The District of Columbia’s rapid gentrification makes it possible to create “racially and socio-economically integrated public schools,” writes Mike Petrilli on Flypaper. But without some form of “controlled choice,” there will be no space in gentrified, high-performing schools for less affluent non-white students who live outside the boundaries.
Increasingly, well-off, white parents are sending their children to public schools, he writes. Perhaps they can’t afford private schools any more. Perhaps it’s the decrease in crime or confidence in Michelle Rhee’s reforms.
In some cases, middle-class parents in gentrifying neighborhoods are persuading others to give the local public school a try, starting with free full-day preschool.
Lots of evidence shows that poor kids learn more, on average, when they attend middle class schools. And many middle class families want their kids going to schools that reflect the diversity of the society they will inherit.
But here’s the rub: Rather than settling into a nice racial balance, several D.C. schools are on their way to flipping from all-black to all-white in just a few years. Go visit schools like Brent on Capitol Hill or Ross in Dupont Circle and you’ll notice that their fourth-graders are mostly African-American and their kindergarteners are mostly white. Follow that trend for a few more years and say goodbye to our once-in-a-lifetime shot at integrated schools.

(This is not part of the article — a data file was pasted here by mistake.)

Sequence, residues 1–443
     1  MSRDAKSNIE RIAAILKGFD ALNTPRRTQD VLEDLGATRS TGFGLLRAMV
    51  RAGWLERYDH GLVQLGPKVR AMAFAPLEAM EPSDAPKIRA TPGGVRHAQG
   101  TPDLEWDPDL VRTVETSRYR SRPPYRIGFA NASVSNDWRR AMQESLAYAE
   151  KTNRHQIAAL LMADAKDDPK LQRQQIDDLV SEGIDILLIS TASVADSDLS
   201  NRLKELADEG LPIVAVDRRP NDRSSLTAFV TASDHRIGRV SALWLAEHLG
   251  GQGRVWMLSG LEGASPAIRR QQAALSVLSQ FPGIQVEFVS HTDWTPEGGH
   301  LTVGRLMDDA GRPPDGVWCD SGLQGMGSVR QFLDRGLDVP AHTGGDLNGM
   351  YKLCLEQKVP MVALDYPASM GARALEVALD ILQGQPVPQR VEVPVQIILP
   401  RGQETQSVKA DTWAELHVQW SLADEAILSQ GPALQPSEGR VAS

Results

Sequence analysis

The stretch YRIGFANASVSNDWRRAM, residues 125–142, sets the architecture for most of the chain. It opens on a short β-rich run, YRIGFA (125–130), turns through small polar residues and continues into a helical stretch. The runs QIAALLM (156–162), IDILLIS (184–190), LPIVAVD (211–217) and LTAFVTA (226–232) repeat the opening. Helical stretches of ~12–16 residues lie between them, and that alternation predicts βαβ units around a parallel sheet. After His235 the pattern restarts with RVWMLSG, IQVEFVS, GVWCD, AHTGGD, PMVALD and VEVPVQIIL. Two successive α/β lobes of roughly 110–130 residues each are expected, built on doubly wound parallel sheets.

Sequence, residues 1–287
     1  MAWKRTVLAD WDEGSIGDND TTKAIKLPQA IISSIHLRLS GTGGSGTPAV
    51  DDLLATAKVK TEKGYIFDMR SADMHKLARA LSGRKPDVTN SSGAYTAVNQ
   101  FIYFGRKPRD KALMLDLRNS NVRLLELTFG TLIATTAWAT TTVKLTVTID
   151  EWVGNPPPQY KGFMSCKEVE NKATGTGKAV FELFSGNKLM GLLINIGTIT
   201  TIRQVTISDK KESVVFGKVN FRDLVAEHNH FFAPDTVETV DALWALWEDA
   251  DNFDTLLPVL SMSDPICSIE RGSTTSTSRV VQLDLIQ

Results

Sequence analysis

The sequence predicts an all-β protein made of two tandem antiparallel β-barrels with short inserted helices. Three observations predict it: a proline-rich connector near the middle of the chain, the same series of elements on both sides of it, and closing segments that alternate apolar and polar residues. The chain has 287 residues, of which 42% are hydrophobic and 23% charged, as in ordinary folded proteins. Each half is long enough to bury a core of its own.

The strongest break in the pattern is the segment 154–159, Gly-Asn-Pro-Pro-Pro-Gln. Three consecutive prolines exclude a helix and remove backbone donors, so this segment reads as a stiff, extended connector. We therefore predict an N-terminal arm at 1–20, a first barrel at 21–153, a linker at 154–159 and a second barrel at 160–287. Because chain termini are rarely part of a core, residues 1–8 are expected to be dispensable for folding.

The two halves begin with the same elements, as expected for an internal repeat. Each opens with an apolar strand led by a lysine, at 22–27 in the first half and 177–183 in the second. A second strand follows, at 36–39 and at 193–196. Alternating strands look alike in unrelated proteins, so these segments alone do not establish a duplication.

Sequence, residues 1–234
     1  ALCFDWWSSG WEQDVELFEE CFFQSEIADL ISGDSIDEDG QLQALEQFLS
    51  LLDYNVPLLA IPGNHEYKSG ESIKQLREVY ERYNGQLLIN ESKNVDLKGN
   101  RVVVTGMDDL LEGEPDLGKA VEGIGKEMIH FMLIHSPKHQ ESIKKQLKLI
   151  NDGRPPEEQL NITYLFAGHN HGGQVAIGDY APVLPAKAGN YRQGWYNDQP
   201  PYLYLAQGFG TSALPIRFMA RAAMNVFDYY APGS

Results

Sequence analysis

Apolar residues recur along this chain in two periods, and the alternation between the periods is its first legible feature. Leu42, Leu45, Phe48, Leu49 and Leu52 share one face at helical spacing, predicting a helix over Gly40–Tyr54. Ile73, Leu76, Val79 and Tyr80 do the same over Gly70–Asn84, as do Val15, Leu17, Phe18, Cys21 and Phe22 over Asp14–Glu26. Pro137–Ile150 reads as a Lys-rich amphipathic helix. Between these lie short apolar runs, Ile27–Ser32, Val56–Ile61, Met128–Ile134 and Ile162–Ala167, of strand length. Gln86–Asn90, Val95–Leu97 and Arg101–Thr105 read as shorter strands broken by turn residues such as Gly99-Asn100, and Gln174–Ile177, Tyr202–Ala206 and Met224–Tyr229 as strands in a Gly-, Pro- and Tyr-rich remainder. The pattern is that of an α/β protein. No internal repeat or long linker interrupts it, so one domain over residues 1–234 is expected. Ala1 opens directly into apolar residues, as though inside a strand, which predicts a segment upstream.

It’s not just the district schools. Middle-class, mostly white students are entering the lottery for admission to the high-performing E.L. Haynes Public Charter School, reducing the odds for low-income students. (The pre-K-7 school is now 24 percent white and Asian and 40 percent non-poor.)
D.C. could eliminate school boundaries, then admit students “based on a mix of a lottery, geographic proximity, and the goal of socio-economic balance.” Or the boundaries could be redrawn to combine gentrified and poor neighborhoods. Finally, the District could “create magnet schools in strategic locations to draw middle class and poor students alike.”
For instance, DCPS officials could take an under-enrolled “poor” school on Capitol Hill and turn it into Montessori program, or an accelerated math and science academy—something attractive to affluent parents on the hill. Or they could put a bilingual Spanish-immersion magnet school in Columbia Heights (perhaps a replication of the Oyster School in Woodley Park).
Charter schools could play this “magnet” role, too — but they would need to be able to manage their lotteries to ensure a balance of middle class and low-income students — something not allowed today.
The magnet option is the most viable politically, but would affect only a few schools, Petrilli writes.